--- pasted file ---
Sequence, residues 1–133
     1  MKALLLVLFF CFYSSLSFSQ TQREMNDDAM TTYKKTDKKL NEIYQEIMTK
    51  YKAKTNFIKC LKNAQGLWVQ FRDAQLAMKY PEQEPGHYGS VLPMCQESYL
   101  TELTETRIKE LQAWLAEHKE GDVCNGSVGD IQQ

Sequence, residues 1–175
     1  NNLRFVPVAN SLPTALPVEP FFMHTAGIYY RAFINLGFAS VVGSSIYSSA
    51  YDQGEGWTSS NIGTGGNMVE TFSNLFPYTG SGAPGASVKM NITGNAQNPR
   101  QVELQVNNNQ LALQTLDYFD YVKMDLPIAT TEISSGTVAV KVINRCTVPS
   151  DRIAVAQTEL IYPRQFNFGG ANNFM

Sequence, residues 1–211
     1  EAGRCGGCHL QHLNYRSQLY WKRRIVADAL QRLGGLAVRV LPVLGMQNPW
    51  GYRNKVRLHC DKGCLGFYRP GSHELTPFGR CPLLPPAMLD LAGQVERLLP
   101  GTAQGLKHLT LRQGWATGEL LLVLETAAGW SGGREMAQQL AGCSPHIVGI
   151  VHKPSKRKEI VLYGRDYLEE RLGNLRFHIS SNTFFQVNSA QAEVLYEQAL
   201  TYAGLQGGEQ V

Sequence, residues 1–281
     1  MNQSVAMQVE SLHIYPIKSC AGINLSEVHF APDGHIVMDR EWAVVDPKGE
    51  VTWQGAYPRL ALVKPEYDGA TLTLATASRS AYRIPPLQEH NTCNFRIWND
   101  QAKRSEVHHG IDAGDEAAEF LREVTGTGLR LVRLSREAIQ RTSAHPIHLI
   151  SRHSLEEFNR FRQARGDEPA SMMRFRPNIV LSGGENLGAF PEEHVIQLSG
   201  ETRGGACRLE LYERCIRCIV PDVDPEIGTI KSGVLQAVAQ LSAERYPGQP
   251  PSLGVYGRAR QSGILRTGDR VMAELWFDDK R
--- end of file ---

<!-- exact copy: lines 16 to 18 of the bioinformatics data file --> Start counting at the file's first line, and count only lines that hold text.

Sequence, residues 1–281
     1  MNQSVAMQVE SLHIYPIKSC AGINLSEVHF APDGHIVMDR EWAVVDPKGE
    51  VTWQGAYPRL ALVKPEYDGA TLTLATASRS AYRIPPLQEH NTCNFRIWND